The Uintahs

Poem

The Uintah Mountains master the man, pinching
His inch-high image to a freckle on the rock he climbs.
Sometimes pride leads him to believe he conquers them
When he reaches peaks and leaves his name in bottles on the tops.
He descends and sees through the teasing haze of his distance-
Blearing vision, how oblivious above him the mountain Hayden
Stays.
            These people think they know. Some hurried
Tourists who have seen Boulder Dam and the Grand
Canyon talk in the lodge of scenery.
                                                                   The oppression
Of the pressing weight: upheaded Hayden’s crowding
Of the ground downward, the lower ridges’ deceiving,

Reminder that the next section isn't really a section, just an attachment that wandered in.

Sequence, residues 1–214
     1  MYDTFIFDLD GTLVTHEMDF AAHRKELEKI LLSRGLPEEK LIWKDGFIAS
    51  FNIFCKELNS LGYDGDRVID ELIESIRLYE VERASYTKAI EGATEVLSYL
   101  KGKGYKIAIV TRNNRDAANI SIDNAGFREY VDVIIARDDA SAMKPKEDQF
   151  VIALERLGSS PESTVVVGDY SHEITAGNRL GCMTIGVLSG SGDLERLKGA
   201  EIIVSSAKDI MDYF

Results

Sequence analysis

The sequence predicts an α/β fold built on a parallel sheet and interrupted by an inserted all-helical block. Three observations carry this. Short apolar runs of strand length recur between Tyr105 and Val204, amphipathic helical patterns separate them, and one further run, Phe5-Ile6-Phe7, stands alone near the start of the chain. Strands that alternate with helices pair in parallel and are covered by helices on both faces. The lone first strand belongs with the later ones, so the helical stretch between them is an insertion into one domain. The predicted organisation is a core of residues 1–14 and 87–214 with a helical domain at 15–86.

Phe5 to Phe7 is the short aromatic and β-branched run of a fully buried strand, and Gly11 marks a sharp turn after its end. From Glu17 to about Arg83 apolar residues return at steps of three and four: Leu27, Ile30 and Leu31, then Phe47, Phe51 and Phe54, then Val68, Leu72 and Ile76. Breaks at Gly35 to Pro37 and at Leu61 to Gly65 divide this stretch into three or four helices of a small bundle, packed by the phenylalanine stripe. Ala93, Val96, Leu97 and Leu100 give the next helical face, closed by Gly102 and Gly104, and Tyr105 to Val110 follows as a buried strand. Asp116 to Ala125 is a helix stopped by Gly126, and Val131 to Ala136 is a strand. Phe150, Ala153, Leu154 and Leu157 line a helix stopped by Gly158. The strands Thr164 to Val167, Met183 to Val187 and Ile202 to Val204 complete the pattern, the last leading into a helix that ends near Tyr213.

Lead young couples to achieve the steepness and surmount
The mountains’ mass and match the fixedness with feet.
Eager to be mystic as the summit mists and lifted,
Optimistically lightened by youth’s delusion, they let height
And time die and climb far farther than they need,
To see what is not to be taken. Hard
Hills hide their precious spots so only the knowing
Find them. Columbine and wild fern—
Dove-flower and unwinding frond—sprout and seed
In a spot, guarded in the rock like a spark spared.
Lower the climbers come, closer to the ground,
Their sounded blood pumped passionless. They are pale, and pain
Means nothing. The mountain height has taught by taking all.

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